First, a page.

Hybrid Online/Offline Architecture
Your application is deployed to mobile devices, which sometimes have network access, but always needs to function. The standard solution is to keep a local cache of the remote database, periodically synchronised when the device is connected.
However, in your application, it is essential to use the freshest data available. Furthermore, many deployments are to desktops on the same LAN as your data centre. Cached data is good for giving a sales demonstration in your client's underground conference room, but your desk-bound workers need live data.
You could write a desktop application for cached data and a web application for live data, but why maintain two applications just to handle changes in connectivity? A more intelligent data source is needed; one that can choose at run-time whether to use a local data cache, or your application server.
The database, data access layer, and business logic are deployed to both the server and client. The server exposes its business logic through a service layer, which the client's online proxy connects to. The client also has an offline proxy for accessing its local copy of the business logic.
Both proxies implement
IProxy, which itself implements the business logic's interface. The client application accesses business logic through a reference to
IProxy, which runtime dependency injection satisfies with the correct proxy.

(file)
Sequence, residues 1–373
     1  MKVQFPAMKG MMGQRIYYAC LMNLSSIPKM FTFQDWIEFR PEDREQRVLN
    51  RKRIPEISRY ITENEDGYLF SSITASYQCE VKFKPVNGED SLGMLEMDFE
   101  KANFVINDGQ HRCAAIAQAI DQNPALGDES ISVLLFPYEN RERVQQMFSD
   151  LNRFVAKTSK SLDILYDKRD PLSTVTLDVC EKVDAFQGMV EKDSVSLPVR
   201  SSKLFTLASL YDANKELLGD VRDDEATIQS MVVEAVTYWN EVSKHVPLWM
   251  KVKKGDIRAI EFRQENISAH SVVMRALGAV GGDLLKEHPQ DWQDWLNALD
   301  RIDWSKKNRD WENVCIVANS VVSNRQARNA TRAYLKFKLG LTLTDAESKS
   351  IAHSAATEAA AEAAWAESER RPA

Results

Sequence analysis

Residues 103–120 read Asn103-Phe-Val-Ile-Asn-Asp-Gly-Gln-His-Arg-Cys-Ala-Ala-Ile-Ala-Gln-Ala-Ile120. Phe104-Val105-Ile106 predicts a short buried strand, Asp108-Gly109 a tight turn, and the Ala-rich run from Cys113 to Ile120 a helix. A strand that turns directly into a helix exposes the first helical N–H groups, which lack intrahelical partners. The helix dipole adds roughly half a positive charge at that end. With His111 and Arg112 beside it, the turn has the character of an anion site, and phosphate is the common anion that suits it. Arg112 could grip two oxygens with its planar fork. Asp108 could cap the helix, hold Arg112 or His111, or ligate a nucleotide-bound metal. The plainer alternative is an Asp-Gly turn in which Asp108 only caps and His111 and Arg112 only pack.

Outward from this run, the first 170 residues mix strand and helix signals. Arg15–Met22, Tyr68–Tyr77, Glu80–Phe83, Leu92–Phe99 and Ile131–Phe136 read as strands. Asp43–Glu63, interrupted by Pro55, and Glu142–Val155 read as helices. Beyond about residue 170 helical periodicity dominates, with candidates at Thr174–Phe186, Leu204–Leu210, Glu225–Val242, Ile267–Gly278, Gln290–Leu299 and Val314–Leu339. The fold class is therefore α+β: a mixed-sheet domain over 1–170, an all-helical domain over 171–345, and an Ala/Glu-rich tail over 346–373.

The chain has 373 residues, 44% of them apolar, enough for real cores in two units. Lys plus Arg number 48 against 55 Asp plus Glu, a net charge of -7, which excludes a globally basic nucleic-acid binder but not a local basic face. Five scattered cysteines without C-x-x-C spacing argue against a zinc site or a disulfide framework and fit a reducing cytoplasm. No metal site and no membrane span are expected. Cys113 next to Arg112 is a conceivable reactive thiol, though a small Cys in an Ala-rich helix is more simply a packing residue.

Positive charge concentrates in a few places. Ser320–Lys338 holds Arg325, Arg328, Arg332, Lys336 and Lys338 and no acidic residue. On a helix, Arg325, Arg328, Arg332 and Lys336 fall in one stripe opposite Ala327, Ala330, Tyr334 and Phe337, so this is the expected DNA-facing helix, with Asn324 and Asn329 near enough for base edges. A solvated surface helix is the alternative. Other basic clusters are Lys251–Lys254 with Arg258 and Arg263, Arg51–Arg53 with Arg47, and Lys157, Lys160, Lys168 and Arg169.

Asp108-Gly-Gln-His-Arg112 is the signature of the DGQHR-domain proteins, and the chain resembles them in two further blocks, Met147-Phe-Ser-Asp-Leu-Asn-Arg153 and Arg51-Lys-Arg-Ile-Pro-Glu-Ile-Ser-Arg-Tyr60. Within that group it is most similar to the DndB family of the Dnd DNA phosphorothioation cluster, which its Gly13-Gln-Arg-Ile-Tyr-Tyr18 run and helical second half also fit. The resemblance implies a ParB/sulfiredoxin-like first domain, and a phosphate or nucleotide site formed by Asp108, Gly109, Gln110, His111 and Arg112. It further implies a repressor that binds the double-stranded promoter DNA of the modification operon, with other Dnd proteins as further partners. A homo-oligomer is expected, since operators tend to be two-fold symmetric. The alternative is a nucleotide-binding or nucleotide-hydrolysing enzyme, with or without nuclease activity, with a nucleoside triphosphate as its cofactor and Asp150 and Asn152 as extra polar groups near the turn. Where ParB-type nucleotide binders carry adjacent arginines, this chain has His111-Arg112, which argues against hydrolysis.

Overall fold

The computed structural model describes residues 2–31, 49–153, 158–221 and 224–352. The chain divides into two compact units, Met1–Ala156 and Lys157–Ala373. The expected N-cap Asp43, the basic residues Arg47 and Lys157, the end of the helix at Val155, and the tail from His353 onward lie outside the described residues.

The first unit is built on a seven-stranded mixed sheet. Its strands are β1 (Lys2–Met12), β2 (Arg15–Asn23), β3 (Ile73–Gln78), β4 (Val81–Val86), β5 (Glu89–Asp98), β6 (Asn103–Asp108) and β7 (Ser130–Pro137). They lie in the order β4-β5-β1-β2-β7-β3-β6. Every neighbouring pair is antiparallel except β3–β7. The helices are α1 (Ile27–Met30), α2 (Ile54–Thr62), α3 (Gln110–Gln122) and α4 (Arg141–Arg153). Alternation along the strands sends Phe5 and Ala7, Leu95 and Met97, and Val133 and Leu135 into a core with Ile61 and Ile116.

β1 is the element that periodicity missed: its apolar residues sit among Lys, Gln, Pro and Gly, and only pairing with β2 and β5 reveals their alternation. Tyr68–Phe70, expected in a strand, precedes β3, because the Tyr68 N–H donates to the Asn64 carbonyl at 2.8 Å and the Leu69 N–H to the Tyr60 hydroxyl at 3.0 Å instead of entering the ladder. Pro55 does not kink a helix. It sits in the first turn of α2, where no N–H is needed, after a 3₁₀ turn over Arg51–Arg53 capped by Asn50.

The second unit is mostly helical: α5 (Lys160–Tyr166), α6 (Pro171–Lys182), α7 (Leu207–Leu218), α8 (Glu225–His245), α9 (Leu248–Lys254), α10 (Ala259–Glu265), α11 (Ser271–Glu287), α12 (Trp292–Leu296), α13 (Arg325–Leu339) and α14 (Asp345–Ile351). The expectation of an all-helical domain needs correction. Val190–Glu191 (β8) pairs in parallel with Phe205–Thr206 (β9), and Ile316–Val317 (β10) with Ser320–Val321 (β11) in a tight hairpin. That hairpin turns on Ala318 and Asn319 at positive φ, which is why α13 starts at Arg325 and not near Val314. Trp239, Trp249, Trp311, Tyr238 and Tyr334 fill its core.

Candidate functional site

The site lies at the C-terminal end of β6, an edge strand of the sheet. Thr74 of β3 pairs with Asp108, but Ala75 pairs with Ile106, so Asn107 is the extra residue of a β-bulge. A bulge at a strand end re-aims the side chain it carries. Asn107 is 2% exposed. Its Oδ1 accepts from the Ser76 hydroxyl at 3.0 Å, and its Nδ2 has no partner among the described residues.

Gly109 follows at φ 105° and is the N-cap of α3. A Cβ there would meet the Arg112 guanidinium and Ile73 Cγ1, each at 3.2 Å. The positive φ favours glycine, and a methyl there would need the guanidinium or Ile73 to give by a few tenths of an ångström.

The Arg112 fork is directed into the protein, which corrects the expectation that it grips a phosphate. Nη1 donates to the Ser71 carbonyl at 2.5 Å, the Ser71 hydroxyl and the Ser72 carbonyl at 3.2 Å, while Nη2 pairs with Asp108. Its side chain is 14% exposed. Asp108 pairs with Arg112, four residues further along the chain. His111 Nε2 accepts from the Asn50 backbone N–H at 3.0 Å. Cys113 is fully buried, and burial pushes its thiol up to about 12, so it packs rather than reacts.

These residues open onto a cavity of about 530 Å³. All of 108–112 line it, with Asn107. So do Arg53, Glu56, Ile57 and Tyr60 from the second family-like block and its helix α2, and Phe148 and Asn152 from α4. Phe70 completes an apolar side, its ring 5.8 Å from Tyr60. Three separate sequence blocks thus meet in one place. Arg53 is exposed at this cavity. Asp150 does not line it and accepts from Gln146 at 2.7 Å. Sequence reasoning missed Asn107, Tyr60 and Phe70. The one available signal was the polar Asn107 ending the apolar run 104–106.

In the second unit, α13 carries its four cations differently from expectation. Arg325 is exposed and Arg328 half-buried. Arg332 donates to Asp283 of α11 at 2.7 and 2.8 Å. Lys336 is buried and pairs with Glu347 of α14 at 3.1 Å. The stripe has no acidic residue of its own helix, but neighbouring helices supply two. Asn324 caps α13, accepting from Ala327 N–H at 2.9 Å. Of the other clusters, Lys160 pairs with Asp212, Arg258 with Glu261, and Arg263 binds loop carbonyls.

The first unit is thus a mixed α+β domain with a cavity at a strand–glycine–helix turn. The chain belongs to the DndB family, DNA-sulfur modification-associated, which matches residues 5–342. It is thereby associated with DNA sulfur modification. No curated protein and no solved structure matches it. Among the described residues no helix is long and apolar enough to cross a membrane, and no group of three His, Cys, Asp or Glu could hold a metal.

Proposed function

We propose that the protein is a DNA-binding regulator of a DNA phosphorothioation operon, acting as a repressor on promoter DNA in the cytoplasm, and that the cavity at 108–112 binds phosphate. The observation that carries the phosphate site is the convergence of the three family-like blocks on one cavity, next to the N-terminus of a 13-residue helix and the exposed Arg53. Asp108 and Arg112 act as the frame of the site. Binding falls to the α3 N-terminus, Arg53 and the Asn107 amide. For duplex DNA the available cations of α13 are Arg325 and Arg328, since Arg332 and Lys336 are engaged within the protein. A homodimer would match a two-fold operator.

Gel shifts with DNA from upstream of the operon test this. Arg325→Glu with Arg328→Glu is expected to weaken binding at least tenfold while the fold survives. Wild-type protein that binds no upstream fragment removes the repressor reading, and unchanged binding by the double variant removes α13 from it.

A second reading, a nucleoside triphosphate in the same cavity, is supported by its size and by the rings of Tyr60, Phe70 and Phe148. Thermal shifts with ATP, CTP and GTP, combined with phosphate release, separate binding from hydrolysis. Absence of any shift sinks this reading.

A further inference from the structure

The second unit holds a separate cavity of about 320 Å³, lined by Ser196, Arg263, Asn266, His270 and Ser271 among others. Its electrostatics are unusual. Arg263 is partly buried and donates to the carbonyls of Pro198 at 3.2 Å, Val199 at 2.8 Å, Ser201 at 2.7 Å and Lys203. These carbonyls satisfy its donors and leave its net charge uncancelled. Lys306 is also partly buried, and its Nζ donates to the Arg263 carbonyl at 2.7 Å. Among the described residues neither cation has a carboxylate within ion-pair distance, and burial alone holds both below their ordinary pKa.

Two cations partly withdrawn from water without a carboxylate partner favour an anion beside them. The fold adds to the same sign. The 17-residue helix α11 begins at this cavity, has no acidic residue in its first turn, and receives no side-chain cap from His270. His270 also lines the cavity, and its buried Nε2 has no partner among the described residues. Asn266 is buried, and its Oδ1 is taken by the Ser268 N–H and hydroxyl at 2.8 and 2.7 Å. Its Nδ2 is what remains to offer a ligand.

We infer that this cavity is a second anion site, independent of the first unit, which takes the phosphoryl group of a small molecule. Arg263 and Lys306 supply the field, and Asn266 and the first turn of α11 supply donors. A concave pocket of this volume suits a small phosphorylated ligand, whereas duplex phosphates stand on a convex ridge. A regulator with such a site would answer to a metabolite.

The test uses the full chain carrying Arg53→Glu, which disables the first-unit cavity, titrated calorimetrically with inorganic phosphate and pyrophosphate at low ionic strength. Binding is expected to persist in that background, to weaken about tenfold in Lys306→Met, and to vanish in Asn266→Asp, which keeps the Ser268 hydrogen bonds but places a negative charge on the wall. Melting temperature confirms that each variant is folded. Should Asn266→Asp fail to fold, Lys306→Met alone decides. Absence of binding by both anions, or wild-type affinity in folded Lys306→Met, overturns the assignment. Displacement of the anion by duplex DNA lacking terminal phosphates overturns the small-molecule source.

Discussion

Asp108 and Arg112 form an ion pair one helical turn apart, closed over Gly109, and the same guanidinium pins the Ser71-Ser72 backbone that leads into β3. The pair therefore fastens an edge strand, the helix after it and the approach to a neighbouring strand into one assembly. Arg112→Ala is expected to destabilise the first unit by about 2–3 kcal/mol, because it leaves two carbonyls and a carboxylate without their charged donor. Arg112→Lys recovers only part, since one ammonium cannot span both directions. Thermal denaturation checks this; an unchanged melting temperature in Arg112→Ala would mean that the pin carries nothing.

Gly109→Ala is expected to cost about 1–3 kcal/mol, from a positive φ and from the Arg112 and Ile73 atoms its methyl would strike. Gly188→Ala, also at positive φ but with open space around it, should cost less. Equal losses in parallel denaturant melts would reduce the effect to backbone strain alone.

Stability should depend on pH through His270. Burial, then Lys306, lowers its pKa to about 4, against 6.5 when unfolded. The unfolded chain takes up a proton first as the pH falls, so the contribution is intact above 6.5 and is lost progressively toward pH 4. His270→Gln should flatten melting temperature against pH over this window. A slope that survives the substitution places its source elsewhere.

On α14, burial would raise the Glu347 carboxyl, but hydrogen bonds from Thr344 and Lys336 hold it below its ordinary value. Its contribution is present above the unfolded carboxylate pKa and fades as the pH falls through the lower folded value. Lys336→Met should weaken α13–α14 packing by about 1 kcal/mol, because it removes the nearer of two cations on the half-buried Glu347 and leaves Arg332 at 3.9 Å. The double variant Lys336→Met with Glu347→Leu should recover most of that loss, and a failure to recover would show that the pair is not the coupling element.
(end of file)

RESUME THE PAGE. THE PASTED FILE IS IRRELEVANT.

(For simplicity's sake, the sample code does not contain any independent business logic. Data is retrieved directly from the data access layer.)
The sample code contains a SQL Server project for creating the sample database. Data access is via the entity framework, and WCF is used for the service layer. Ninject is used to inject the correct proxy into WPF view models. Please see the included
Read Me.htm for a list of dependencies and where to find them.
Synchronisation begins by asking the server for the current schema version. If this is greater than the client's schema, a schema update is applied, and the new version is recorded.
Synchronisation initially used Microsoft's Sync Framework. This has the advantage of a mature API, and it can work through a 3-tier architecture. However, it cannot cope with schema changes to existing tables. To get around this, DDL triggers were used to update the framework's metadata whenever the schema changed. The last version to use the Sync Framework is thus tagged.
The client objected to relying on DDL triggers, and so later versions switched to ApexSQL's Diff API. This requires a direct connection to the server, so synchronisation is only performed from within the office LAN.
To avoid primary key conflicts, each client is assigned a range of ID values to use when it first synchronises. After every synchronisation, each table in the client database is reseeded to the correct ID range.
The server does not need reseeding, as it uses positive ID values, while the client ranges are all negative.
This code is made available by kind permission of my client, Logican. It is provided for informational purposes only, and may not be used without their explicit consent. The hybrid approach was suggested by Joseph Babad.